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  • New and Improved Child Seat Safety Standards

    child seat safetyThe National Highway Traffic Safety Administration (NHTSA) recently issued a final ruling on important updates to testing standards for child safety seats. These updates seek to provide children with more comprehensive protection during an accident, particularly in the case of a side-impact collision. According to the NHTSA, the new ruling is a significant advance in protecting children from sustaining serious bodily injury in traffic crashes.

    The National Library of Medicine (NLM) reports that children experience an increased risk for serious injury and death in side-impact, or T-bone, crashes. In fact, as compared to accidents involving other impact directions, like frontal and rear impact, side-impact collisions pose the most substantial threat to children’s safety. The NHTSA’s ruling is a much-needed response to these dangers.  It amends the Federal Motor Vehicle Safety Standard No. 213 (Child restraint systems) by adding side-impact performance to the requirements for testing child safety seats. The NHTSA’s current standard only requires that child seats meet performance criteria for 30-mph front-impact crashes; the new standard requires that children’s safety seats also meet performance criteria for 30-mph side-impact collisions.

    Side-Impact Crash Facts

    Side-impact crashes can inflict serious bodily injury because the sides of a vehicle afford occupants with substantially less protection than the front and back. The NHTSA’s new standard will require using a test with side-impact test dummies modeled after a 3-year-old and 12-month-old child. The test simulates what happens to the children and their safety seats when a T-bone crash happens. Side-impact crashes result in some of the following injuries in children:

    • Concussions and other types of traumatic brain injuries (TBIs)
    • Broken limbs
    • Internal decapitation
    • Paralysis injuries
    • Spinal cord injuries

    According to the Centers for Disease Control and Prevention (CDC), certain risk factors accompany a child’s chance for sustaining severe injuries in an accident. The good news is, there are many ways to actively reduce these risks, like the NHTSA’s latest ruling on car seat testing standards. Here are some examples from the CDC of risk factors for motor vehicle collisions and ways to address them:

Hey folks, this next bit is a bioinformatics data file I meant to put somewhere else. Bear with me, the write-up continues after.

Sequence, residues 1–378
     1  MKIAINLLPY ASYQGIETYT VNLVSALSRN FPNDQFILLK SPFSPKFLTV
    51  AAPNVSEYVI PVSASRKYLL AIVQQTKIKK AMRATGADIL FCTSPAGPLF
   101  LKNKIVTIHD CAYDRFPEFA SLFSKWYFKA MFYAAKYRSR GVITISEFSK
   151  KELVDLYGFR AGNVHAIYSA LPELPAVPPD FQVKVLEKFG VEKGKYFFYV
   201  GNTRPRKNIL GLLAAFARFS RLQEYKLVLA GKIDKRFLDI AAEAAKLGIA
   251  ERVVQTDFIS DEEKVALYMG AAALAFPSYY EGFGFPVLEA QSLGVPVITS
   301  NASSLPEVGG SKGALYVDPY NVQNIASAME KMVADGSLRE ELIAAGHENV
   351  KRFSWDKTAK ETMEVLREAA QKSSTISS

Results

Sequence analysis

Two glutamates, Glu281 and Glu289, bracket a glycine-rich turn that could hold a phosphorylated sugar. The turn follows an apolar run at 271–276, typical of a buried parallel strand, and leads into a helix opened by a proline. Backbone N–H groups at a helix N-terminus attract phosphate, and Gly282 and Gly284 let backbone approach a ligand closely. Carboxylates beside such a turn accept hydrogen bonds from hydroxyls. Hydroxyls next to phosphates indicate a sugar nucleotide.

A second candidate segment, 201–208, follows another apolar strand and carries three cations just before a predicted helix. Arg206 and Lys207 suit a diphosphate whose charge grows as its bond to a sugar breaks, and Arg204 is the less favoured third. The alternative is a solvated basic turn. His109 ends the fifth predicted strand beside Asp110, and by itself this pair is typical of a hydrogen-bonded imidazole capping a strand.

• In 2019, 608 child passengers aged 12 and younger died in automobile accidents and 91,000 others sustained injuries. 38% of children who died were not wearing a seat belt or properly restrained in a child car safety seat at the time of the incident
    • Properly restraining young children often depends on the driver’s own seat belt use. Of the total deadly incidents that occurred in 2019, 67% of the fatally injured children were riding with a driver who was not wearing a seat belt
    • Even when children are restrained in a car safety or booster seat, parents and caregivers often use the restraint systems incorrectly. An estimated 46% of car and booster seats are misused in a way that could reduce their overall effectiveness
    • When used properly, car seats reduce the risk of injury in a crash anywhere from 71% to 82% in children as compared to seat belt use alone
    • Properly installed and used booster seats reduce serious injury risks by 45% in children between the ages of 4 and 7-years-old compared to seat belt use alone
    • For older children, seat belt use decreases the risk of death and serious injury by approximately 50%

    Improving car seat testing requirements and continuing to strengthen other current laws are both key in safeguarding children. The CDC also advocates for car seat distribution plus education programs, which help parents and caregivers obtain new, unused car seats and learn how to properly use and install them. Often these programs include hands-on demonstrations, which also helps to increase the rate of proper use and installation.

    What to Do if Your Child Was Injured in a Car Accident

    There are numerous reasons why a car accident might occur. If your child was injured in a crash caused by someone else, an experienced car accident attorney can help you to recover damages to ensure that your family is not negatively impacted by financial hardship after the event. At Galfand Berger, our team of lawyers has decades of experience with car accident victims and their families recoup losses associated with medical bills, continuing medical care, lost wages, pain and suffering, and punitive damages. Some top-contributing factors behind automobile accidents include distracted driving, drowsy driving, aggressive driving, drunk or impaired driving, reckless or careless driving, failure to signal and speeding. Our attorneys can help your family determine who was responsible for causing the accident and make sure that your child and loved ones receive the assistance that they deserve. If you would like to learn more, contact a representative who can help online now.

    Philadelphia Personal Injury Lawyers at Galfand Berger, LLP, Representing Automobile Accident Victims Since 1947

    If you have a question about filing a legal claim, contact the Philadelphia automobile accident lawyers at Galfand Berger LLP today. Call us at 800-222-USWA (8792) or fill out our online form for a free consultation. Located in Philadelphia, Bethlehem, Lancaster, and Reading, we serve clients throughout New Jersey and Pennsylvania, including Allentown and Harrisburg.

    1-800-222-USWA (8792)